The Work Behind PLNU’s Homeless Ministries

Downtown San Diego on a Friday night is full of loud and bright trolleys, people on dates. There might be an accident with police officers at the scene. During the hustle and bustle of downtown is The Beacon of Light Homeless Ministry. Groups there provide sacked lunches, hot drinks and conversations to unhoused individuals.

Dana Hojsack, the director of community ministries at Point Loma Nazarene University, said that the Homeless Ministry leaders typically spend five to five-and-a-half hours every week preparing for a night downtown. 

“They’re doing a lot before they even greet the volunteers,” said Hojsack.

The leaders start the week with a meeting. According to Bella Rindone, a third-year child and adolescent development major and one of the Beacon of Light Homeless Ministry co-leaders, they spend about 30 minutes every Monday night fellowshipping and having dinner with each other.

Then, all the leaders of Homeless Ministries and Children, Youth and Visiting Ministries talk together for another half hour. The last hour of the meeting is spent in smaller groups, known as core groups. This is when Children’s Ministries members meet together, and the leaders of Homeless Ministries are together. Rindone said her core group does everything from icebreakers to preparing for the week ahead.

One way the leaders prepare during this time is by writing emails to be sent out to those who are signed up for the ministry email list. Rindone is usually responsible for coordinating these emails, and after people have signed up, on Thursday nights, she is the one who sends the emails to let people know if they have a spot or are on the waitlist.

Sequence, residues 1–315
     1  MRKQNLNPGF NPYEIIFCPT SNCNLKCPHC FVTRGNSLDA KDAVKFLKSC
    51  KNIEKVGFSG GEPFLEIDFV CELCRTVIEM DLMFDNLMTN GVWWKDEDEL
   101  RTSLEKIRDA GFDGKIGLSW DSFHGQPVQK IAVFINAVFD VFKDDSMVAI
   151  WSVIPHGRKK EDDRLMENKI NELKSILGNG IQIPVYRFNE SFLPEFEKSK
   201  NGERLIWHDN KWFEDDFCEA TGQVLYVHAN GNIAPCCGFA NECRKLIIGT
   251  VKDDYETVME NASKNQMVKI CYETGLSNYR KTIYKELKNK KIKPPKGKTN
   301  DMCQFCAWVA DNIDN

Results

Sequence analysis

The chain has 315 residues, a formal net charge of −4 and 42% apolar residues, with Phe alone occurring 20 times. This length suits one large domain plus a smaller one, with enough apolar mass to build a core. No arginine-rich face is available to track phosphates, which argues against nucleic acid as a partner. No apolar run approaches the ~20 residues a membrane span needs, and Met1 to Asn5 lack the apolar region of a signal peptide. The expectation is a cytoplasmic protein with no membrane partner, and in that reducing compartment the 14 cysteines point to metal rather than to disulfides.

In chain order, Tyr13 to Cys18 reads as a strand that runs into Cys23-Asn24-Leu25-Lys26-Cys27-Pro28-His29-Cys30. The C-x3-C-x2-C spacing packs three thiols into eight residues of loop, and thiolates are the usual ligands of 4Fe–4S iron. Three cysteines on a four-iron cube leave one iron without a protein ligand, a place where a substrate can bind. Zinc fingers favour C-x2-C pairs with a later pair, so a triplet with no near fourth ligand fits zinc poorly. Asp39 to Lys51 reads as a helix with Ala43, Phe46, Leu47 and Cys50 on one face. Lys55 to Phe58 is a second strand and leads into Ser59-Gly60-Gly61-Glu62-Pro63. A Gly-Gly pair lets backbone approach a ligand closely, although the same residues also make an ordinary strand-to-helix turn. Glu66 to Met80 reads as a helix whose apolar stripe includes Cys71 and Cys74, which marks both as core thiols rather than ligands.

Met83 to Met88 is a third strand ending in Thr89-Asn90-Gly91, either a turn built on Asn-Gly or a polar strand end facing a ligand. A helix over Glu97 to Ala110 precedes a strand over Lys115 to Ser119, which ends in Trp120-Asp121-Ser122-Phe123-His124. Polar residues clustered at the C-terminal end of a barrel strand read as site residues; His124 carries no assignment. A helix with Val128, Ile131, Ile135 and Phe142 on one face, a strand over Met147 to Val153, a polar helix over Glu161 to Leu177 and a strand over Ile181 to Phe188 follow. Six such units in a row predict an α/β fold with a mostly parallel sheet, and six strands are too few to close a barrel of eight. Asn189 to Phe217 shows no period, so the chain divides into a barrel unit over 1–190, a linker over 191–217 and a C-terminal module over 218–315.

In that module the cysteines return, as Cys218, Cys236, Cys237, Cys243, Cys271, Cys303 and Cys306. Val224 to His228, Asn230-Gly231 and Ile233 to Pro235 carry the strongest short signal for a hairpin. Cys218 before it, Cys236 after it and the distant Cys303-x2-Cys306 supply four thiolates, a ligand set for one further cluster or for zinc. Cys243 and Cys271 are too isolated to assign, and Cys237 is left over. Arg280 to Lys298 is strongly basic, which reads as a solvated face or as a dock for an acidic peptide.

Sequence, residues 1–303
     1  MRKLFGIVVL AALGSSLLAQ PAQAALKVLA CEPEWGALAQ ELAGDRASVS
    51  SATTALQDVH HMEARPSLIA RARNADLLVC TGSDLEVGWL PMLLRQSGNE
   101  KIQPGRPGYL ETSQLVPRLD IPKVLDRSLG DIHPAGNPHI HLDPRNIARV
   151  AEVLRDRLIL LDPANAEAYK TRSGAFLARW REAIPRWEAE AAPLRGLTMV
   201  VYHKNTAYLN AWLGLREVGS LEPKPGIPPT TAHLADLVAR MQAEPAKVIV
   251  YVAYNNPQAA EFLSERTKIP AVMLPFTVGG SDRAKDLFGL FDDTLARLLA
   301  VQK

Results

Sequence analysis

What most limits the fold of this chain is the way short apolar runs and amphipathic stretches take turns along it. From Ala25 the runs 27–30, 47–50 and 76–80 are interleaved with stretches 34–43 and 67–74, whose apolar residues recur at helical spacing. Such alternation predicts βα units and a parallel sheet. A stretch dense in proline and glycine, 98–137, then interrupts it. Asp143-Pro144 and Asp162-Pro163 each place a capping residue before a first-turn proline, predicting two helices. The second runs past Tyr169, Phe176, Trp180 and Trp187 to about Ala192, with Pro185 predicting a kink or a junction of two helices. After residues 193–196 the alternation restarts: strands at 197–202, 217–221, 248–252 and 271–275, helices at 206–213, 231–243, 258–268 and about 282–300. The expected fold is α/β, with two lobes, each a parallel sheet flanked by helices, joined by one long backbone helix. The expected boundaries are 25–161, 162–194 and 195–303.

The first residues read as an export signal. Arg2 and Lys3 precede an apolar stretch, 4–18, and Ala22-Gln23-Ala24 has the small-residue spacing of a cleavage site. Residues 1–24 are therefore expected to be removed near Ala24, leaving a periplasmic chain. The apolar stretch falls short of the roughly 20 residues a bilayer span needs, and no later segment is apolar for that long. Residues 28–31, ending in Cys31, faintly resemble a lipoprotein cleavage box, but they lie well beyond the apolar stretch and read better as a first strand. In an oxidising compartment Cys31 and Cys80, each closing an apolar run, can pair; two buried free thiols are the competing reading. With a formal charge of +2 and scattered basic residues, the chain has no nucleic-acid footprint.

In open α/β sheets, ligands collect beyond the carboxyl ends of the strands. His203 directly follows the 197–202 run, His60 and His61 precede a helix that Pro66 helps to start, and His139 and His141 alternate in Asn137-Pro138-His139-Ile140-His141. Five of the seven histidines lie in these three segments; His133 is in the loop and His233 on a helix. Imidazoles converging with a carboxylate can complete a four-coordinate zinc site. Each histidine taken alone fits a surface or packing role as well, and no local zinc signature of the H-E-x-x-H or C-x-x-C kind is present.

When Friday rolls around, a lot still needs to be done.

Tori Vatcher, a third-year psychology major and the Campus Ministries intern, normally comes in on Friday afternoons to help prepare the wagons. She said this normally takes her about an hour. This means making sure the leaders’ backpacks are stocked with hygiene kits, Bibles, trash bags and anything else the leaders might need.

Every third Friday, Kiana Callahan, a third-year biochemistry major and the Community Ministry intern goes to Costco to pick up supplies. Often, she goes with Andi Thompson, a fourth-year psychology major and the Homeless Ministry director.

Callahan said that this trip is typically a three-hour process, from checking inventory and picking up a van to getting back on campus and putting everything away. While at Costco, Callahan said they typically get two carts of water and then go pack the vans. Then they come back and get two carts full of the snacks they put in all the sacked lunches.

Sometimes, Homeless Ministries receives clothing donations. When they get donations, they ask for gently used items of clothing, specifically focused on sweatshirts, jackets and pants.

Hojsack said, “If you wouldn’t give it to a friend, don’t give it to us.”

Once everything is collected, it gets sorted.

When sorting through a recent donation of clothes from the recent Center for Justice and Reconciliation “Live Justice” event, Callahan said, “It’s hard to judge what kind of people you’re going to see, so it’s hard to judge what clothes to keep.”